‘Once seen, never forgotten’ – it’s a common response from anyone visiting Invercargill’s Queens Park stumpery, one of New Zealand’s most unusual gardens. The stumpery takes its queue from a Victorian horticultural style which was popular in the 19th century. It was a period when ferns were being introduced into gardens, and the tree stumps, which were artfully placed together to form the stumperies, often attracted moisture as they began to decay, making them the perfect host for the fashionable plant.
But although some of the most famous stumperies in the world (such as the one at HRH Prince Charle’s Highgrove House garden) are damp and covered with liverworts and ferns, other stumperies have a dry, desert-like appearance. The stumpery at Queens Gardens comes into the latter category, and is enhanced with winding, dry-stone paths, giant polished seats cut from massive logs, spiky arches of tangled roots, and stumps that have all the appearance of animal skulls.
The entire ‘fantasy’ garden is the work of local sculptor Frank Wells. Wells spent many months researching the unusual gardens in Europe before approaching the park’s administration with his proposal. When he did, the team at Queens Park couldn’t wait to to see his design brought to fruition.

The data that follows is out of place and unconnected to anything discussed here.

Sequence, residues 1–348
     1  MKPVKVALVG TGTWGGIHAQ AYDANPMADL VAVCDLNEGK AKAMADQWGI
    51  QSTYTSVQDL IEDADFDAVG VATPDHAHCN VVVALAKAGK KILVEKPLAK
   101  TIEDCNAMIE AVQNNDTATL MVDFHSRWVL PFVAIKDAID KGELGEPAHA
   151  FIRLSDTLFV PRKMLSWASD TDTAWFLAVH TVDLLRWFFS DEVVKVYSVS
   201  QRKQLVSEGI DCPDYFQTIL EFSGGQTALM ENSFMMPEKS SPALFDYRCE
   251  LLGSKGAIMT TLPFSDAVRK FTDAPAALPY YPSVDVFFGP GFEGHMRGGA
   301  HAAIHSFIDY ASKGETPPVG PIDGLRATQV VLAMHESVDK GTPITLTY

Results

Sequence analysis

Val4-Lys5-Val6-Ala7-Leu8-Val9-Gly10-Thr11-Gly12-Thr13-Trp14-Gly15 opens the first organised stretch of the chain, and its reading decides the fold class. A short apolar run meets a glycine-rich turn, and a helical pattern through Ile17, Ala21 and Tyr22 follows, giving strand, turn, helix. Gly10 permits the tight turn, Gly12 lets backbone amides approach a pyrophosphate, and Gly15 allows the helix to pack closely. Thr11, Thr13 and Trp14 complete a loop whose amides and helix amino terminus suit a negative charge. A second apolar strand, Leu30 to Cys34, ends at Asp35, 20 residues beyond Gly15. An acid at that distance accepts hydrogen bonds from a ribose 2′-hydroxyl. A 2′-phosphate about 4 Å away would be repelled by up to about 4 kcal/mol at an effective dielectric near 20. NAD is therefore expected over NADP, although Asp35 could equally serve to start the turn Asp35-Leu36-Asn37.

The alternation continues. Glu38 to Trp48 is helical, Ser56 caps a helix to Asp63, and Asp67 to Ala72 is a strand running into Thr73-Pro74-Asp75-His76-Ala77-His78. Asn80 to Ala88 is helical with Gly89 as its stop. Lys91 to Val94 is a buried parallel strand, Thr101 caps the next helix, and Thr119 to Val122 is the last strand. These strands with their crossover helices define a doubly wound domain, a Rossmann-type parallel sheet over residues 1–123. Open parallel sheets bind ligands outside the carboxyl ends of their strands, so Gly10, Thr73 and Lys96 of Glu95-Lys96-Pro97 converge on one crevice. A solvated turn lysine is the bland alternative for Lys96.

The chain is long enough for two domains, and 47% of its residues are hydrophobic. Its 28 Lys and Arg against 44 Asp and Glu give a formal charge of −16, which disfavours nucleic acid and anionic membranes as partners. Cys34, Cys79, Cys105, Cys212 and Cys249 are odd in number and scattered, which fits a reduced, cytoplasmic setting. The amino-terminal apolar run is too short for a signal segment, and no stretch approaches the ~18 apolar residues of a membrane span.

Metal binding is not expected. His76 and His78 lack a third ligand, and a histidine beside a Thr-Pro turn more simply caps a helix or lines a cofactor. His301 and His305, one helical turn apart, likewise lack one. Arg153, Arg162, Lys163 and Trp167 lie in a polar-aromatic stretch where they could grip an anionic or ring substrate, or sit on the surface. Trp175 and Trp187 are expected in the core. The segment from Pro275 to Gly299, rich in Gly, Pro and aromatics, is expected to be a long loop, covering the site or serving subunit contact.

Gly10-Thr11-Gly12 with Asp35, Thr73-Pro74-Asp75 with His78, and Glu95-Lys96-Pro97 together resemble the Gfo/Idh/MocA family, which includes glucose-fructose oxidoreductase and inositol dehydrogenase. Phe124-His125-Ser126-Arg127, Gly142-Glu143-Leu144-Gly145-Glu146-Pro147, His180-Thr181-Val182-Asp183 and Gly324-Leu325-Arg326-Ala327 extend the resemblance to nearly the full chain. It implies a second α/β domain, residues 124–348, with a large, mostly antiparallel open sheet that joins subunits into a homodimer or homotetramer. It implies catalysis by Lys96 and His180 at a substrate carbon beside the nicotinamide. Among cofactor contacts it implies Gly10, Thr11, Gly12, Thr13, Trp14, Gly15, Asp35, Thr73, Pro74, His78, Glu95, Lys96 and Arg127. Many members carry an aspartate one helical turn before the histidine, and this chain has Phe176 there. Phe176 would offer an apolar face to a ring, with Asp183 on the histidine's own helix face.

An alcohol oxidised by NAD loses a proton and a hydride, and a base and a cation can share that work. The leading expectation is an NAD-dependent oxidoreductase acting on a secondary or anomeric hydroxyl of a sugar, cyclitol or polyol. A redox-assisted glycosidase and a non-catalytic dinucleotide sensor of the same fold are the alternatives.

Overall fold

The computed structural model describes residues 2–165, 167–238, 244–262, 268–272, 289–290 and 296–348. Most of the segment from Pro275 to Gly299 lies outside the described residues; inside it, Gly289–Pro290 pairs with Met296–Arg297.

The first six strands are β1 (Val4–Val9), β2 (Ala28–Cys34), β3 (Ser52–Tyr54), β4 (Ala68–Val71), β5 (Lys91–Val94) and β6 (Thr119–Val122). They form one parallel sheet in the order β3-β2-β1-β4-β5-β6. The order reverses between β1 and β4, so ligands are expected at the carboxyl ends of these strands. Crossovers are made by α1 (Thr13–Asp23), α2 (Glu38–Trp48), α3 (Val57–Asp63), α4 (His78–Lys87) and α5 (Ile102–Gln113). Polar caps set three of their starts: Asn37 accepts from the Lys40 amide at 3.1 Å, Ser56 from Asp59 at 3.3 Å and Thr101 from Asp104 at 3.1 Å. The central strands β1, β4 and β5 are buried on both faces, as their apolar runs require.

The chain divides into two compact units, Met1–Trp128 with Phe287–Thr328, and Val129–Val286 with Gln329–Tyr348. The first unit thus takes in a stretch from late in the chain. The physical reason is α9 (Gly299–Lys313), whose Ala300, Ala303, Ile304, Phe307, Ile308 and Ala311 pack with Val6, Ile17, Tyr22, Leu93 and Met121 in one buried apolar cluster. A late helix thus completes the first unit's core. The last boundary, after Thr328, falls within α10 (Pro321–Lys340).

The collecting of the stumps took six months, with Wells often spotting suitable material lying in farm paddocks as he drove around Southland. With the deep south’s challenging climate providing ever more raw material, storm damaged trees from the park were also hauled in to form part of the creation, as well as roots unearthed from the peat bogs of the local Awarua Plains.
Because so much of the stumpery involves stacked roots which might topple, stainless steel rods, bolts, mesh and chains all play an important part in keeping everything steady and safe, but the overall effect is still completely natural.
Best of all, the stumpery occupies a part of the park that previously received few visitors. Now, sheltered from winds by careful planting, the stumpery is so popular that numerous park visitors find their way there, enchanted not only by the fantastically twisted shapes of the wood but also by the sculptural stone-blue eucalyptus and spiky cabbage trees that form the gateway to the site.
If, after a visit to Queens Park, you find yourself wanting to seek out more stumperies to visit, you will find others at Argyle Cottage Garden, Invercargill, Oakhampton Lodge, Canterbury, and Tikorangi Garden in Taranaki.
As for beginning your own stumpery garden, you can make your creation as large or small as you like, and if you have trees that need removing, think first of having the stumps pulled from the ground rather than bringing in the stump grinder. Even simpler, look for water-worn roots and unusual shaped pieces of driftwood next time you are at the beach (just check first that local by-laws allow for the removal of material from the foreshore). Arrange your pieces artfully, and leave the weather to do the rest for you!